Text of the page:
Third, that the development commissioner has the staff and resources to do the job. The present arrangements are fractured and unsatisfactory. The current commissioner Karel de Gucht has full control of a planning-and-policy team, but not of the implementing agency Europe Aid (which ultimately reports to the external-affairs commissioner, Benita Ferrero-Waldner). Furthermore, the instruments of European development cooperation - whose value approaches €10 billion ($14.5 bn) a year - are split in geographic coverage and ownership between the two commissioners, and have different forms of parliamentary accountability. A particularly intriguing question is whether the proposed European External Action Service will be designed as a champion of development, and what its relationship will be to EuropeAid.
Fourth, that the European parliament raises its profile on development issues. The development committee has a new chair, the French Green MEP (and anti-corruption campaigner) Eva Joly. Her job will be to rally MEPs behind a more ambitious and comprehensive vision of development, with a strong focus on policy coherence for development.
Fifth, that European development cooperation retains a high degree of accountability to developing countries. The EU-Africa strategy is jointly owned by the two sets of partners; the Cotonou agreement is governed by joint councils of ministers and parliamentary assemblies, and has strong arbitration procedures. Europe must strengthen these and other partnerships. Why, for example, should south Asian countries like India or Pakistan not benefit from the same kind of accountability structures as apply under Cotonou to Africa, the Caribbean and the Pacific?
Sixth, that words and action fuse - otherwise none of the above will make a difference. What does this mean in practice? It means:
* development more tightly targeted on the poorest people in the poorest countries, to achieve the Millennium Development Goals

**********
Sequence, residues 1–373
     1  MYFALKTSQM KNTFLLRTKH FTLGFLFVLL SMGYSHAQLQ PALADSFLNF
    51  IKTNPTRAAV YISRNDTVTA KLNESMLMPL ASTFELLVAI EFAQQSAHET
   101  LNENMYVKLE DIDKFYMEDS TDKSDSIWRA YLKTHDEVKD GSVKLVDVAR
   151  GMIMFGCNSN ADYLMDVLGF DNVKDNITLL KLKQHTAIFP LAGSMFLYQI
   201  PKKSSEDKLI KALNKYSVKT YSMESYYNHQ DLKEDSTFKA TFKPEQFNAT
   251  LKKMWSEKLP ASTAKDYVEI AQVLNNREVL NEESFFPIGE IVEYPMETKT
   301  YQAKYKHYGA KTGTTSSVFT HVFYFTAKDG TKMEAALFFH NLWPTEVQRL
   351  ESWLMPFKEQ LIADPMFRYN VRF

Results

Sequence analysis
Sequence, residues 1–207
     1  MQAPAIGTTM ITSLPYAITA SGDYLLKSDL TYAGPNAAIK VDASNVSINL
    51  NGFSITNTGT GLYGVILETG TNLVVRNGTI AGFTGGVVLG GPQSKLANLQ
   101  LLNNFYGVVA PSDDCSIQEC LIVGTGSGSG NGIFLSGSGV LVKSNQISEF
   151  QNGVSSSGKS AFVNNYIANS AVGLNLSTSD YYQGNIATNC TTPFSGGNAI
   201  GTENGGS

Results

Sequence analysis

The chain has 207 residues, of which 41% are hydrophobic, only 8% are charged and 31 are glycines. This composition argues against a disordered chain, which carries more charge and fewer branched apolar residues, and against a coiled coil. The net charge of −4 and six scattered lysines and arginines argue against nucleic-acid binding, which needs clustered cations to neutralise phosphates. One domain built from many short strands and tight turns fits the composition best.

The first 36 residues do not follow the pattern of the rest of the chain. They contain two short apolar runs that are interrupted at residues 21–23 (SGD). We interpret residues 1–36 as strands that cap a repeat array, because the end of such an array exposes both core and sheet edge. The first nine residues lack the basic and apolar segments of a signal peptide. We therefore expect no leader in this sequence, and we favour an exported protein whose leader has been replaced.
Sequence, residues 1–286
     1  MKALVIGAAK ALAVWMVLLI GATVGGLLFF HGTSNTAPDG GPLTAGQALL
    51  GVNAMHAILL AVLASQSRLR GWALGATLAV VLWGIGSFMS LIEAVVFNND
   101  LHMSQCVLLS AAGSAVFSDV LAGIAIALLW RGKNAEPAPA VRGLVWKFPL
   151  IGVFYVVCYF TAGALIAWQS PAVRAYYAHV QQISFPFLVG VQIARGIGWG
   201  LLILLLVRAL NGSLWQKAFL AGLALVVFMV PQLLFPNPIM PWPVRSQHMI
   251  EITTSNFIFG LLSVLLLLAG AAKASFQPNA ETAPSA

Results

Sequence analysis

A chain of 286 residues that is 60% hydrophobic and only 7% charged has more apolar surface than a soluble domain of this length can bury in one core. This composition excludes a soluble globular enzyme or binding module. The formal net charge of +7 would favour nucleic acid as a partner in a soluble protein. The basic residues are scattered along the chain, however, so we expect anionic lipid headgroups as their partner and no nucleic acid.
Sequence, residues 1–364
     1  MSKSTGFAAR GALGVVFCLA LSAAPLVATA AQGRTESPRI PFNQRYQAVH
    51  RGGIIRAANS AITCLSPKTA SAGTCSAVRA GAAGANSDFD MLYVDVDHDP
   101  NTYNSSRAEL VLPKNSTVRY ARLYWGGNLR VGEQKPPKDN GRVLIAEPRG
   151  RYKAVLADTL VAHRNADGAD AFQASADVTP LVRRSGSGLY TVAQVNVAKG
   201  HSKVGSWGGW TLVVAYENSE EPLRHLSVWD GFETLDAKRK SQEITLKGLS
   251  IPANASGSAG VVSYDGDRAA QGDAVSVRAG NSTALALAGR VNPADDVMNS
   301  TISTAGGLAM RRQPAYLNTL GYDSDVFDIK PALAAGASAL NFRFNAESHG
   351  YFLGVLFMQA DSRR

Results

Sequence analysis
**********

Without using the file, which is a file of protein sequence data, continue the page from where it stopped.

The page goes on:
* trade policy reformed to enable countries to grow
* political dialogue strengthened, with democracy, human rights and gender disparities at its heart
* women becoming equal partners, without which there will be no sustainable development, democracy or peace.
The European Union already has a consensus on development policy, signed in December 2005 by heads of government meeting in the European council - and endorsed too by the parliament and the commission. The consensus affirms the central objective of poverty-reduction and of development "as a central goal by itself". Similar principles are reflected in the Lisbon treaty, whose fate rests on Ireland's second referendum. These core principles remain valid, but the consensus needs to be updated, to reflect the changing policy agenda and the greater ambitions it needs to rise to.
It is easy to imagine a Europe enmeshed in its own problems; treating the developing world either as a threat or as a mere recipient of its charity; and relegating development to a minor role as the handmaiden of foreign policy. There is an opportunity in the coming three months - at the United Nations, at the G20 summit in Pittsburgh, at the climate-change conference in Copenhagen, and at the heart of Europe itself - to craft a different approach. It is time for Europe to take it.
Among openDemocracy's articles on the "great recession" and development policy:
Jonathon Porritt, "' As if the world matters': reconciling sustainable development and capitalism (30 November 2005)
Ehsan Masood, " The aid business: phantoms and realities" (18 July 2006)
Michael Hopkins, " Sustainable development: from word to policy" (11 April 2007)
John Elkington, " Brundtland and sustainability: history's balance-sheet" (11 April 2007)
Stephen Browne, " G8 aid: beyond the target trap" (6 June 2007)
Paul Collier, " The aid evasion: raising the ‘bottom billion'" (11 June 2007)
Andrew Shepherd, " The anti-poverty relay: a progress report" (24 September 2008)
Paul Rogers, "A crisis-opportunity moment" (23 October 2008)
Anita Sharma, "The core crisis: standing with the poor" (30 October 2008)
Andre Wilkens, " The global financial crisis: opportunities for change" (10 November 2008)
Paul Rogers, "A world in the balance" (13 November 2008)
Krzysztof Rybinski, "A new world order" (4 December 2008)
Paul Rogers, "A world on the edge" (29 January 2009)
Katinka Barysch, "The real G20 agenda: from technics to politics" (16 March 2009)
Sue Branford, "The G20's missing voice" (25 March 2009)
David Hayes, "The G20 and the post-crisis world" (2 April 2009)
Göran Therborn, "The killing-fields of inequality" (6 April 2009)
Patrice de Beer, "Esther Duflo: the new French intellectual" (9 April 2009)
Marta Foresti & Leni Wild, "The G8 after L'Aquila: on shaky ground" (14 July 2009)